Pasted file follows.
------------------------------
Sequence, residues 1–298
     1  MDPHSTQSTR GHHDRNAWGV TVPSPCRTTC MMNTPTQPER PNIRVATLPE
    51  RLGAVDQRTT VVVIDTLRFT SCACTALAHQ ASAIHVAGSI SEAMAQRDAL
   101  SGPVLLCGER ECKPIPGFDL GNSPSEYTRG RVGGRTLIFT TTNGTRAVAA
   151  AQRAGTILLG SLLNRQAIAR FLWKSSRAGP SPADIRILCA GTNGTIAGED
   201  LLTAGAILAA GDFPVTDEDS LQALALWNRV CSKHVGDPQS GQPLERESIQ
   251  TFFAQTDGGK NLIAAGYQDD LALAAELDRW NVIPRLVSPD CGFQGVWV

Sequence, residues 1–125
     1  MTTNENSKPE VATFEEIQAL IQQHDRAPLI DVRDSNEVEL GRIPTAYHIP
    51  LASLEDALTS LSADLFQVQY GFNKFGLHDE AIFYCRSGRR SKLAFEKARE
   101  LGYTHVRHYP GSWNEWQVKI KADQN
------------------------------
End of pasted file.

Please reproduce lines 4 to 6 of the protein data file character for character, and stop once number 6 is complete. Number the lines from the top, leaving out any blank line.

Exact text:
   101  SGPVLLCGER ECKPIPGFDL GNSPSEYTRG RVGGRTLIFT TTNGTRAVAA
   151  AQRAGTILLG SLLNRQAIAR FLWKSSRAGP SPADIRILCA GTNGTIAGED
   201  LLTAGAILAA GDFPVTDEDS LQALALWNRV CSKHVGDPQS GQPLERESIQ